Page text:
Both the LFMs and polymer-based filters, the researchers discovered, became clogged over time, causing them to flow and filter more slowly. The LFMs used in the experiments, however, showed between 19 and 40 percent better performance than their commercial counterparts on that score. The SCOBY-based LFMs were also more resistant to befouling. While biofilms eventually formed, fewer microorganisms were found in those films. Zodrow et al. sequenced the DNA of any bacteria and fungi in the SCOBY-based membrane and found that 97 percent of the bacteria present belonged to the genus Acetobacter. This is not surprising, since it’s also the dominant bacteria in kombucha, but it may explain why the LFMs performed so well with regard to biofilms. As the name implies, a defining characteristic of this genus is the ability to oxidize organic carbon sources like sucrose, glucose, and ethanol into acetic acid, which is known for its antimicrobial properties. Acetobacter has also been shown to reduce or even remove biofilms, in keeping with the results of Zodrow et al.’s experiments.

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Florida Manatees Facing Starvation to Be Fed in Trial Program

Wildlife officials in Florida are preparing to feed manatees in the wild, an unprecedented response to the animals’ mass starvation caused by the loss of seagrasses they normally eat. From a report: So far this year, 1,056 manatees have died in Florida, nearly double the average for the same period of the past five years, according to state data. While the record tally includes those killed by watercraft and other causes, malnourishment is the main reason propelling the increase, researchers say. The state’s total manatee population numbered at least 5,733 in 2019, the most recent year in which officials conducted a count. The U.S. Fish and Wildlife Service declared an “unusual mortality event” along Florida’s Atlantic coast this year — a designation indicating a significant die-off that demands an immediate response. The problem can worsen in the winter when the animals congregate in warmer waters that have become devoid of food, researchers say.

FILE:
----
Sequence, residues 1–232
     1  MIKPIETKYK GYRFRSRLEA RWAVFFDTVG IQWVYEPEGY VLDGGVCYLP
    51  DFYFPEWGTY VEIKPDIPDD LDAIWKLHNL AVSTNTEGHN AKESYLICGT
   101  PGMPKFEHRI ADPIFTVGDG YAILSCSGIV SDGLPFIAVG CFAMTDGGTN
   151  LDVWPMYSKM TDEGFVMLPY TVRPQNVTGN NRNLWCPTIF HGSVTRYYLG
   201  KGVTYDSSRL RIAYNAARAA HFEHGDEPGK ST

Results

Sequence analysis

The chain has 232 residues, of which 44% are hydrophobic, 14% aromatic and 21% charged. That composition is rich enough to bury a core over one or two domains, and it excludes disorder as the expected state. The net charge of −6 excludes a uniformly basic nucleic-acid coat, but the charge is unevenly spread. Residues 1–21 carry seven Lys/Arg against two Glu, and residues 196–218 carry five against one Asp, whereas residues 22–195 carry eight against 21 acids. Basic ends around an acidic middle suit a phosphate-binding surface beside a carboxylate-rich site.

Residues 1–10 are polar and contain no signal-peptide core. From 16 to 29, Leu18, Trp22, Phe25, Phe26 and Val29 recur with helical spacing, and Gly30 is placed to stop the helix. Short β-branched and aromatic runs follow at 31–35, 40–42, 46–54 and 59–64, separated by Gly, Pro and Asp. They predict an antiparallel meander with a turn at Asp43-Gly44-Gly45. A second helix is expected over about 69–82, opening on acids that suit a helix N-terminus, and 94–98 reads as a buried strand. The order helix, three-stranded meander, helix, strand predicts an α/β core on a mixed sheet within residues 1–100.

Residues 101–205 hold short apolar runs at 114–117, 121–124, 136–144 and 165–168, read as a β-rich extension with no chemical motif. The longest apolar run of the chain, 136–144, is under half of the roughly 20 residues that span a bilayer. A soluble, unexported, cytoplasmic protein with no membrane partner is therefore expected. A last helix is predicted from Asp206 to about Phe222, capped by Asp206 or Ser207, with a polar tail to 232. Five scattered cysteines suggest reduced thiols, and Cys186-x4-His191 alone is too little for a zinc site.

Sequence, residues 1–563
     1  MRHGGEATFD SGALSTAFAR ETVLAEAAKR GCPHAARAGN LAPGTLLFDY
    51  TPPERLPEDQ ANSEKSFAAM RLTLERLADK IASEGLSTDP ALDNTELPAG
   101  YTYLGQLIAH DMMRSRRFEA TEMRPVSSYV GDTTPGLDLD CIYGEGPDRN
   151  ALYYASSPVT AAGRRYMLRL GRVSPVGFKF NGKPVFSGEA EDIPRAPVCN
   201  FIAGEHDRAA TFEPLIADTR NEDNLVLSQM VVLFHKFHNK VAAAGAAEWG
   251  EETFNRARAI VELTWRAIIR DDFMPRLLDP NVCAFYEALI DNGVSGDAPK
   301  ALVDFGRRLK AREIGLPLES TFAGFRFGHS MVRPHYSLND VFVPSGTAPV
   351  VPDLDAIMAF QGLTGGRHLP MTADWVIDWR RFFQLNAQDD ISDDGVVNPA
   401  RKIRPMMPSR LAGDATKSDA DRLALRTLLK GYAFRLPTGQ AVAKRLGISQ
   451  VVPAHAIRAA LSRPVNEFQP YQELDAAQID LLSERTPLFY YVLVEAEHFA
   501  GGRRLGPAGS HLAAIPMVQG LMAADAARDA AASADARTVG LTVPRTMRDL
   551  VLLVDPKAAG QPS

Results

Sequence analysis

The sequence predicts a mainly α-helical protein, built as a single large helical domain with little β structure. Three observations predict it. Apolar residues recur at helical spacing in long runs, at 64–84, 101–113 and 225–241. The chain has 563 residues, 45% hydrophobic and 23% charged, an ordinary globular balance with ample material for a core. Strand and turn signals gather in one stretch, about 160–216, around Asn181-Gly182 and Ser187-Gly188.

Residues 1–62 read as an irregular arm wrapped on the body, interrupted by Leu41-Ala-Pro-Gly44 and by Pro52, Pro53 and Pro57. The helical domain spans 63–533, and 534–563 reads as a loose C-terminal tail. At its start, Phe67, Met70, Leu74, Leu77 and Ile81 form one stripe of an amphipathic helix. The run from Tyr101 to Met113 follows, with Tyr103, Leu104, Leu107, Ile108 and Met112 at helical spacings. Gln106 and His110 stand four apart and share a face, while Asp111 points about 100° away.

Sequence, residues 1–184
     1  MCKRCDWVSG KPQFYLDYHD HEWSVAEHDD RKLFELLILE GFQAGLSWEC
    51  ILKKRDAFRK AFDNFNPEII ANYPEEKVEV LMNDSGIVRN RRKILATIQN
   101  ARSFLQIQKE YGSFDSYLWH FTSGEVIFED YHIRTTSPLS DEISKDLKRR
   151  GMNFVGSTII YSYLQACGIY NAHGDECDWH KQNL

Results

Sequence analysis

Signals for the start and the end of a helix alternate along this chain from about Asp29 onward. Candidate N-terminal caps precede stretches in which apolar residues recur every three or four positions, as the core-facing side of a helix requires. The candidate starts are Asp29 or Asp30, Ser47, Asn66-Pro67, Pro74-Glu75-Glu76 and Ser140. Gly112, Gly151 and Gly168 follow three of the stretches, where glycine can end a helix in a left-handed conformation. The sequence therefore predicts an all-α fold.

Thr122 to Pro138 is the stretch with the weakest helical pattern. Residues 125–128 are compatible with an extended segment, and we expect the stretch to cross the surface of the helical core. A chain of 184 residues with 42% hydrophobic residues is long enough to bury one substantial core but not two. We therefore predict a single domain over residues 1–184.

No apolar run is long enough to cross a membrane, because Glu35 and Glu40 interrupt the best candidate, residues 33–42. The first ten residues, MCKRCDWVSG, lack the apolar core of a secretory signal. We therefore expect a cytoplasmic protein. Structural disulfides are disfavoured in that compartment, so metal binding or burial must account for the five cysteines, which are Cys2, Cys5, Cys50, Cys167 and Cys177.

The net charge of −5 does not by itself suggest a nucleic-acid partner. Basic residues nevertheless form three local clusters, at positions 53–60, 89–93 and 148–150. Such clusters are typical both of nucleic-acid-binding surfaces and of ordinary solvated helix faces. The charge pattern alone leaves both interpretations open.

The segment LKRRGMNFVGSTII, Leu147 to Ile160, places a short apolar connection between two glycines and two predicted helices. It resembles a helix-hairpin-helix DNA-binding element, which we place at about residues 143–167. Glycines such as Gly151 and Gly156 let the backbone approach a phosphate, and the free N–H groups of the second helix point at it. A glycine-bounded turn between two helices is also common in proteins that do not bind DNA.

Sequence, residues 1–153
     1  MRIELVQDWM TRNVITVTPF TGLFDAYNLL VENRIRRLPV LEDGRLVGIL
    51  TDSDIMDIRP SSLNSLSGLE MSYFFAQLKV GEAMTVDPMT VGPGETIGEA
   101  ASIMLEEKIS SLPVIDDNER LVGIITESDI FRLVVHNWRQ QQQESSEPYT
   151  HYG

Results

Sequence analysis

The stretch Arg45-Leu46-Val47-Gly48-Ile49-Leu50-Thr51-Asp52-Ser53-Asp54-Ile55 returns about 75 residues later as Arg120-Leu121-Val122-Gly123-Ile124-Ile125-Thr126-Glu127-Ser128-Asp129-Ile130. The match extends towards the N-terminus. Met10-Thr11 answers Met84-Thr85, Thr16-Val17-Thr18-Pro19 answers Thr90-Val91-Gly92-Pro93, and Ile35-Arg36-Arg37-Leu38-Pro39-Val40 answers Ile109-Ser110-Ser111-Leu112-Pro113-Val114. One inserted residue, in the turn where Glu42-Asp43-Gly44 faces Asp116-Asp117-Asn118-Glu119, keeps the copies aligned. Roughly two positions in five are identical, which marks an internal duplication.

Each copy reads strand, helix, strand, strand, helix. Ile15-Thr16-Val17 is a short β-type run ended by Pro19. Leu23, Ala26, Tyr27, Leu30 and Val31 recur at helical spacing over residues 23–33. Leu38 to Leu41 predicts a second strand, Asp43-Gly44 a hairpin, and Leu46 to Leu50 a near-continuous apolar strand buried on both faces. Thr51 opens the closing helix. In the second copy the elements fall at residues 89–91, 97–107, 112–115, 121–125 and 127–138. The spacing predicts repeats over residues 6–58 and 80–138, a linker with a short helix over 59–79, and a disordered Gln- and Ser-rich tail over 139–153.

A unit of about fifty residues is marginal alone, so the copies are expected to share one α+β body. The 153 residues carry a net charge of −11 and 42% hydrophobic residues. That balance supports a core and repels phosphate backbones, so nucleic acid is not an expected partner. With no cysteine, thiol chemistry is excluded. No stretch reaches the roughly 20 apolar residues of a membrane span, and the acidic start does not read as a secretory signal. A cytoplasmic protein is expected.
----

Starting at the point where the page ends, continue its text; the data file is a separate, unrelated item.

“The status of manatees going into this winter is so poor that without this supplemental feeding to help get them through, we’re going to have hundreds and hundreds of [them] dying,” said Patrick Rose, executive director of the advocacy group Save the Manatee Club. Seagrasses are disappearing because of deteriorating water quality caused by improperly treated sewage, leaking septic tanks and runoff containing fertilizer used for lawns and agriculture, researchers say. It’s part of a broader threat to other marine species, they say, and to Florida’s economy, which relies heavily on visitors drawn to the state’s coastline.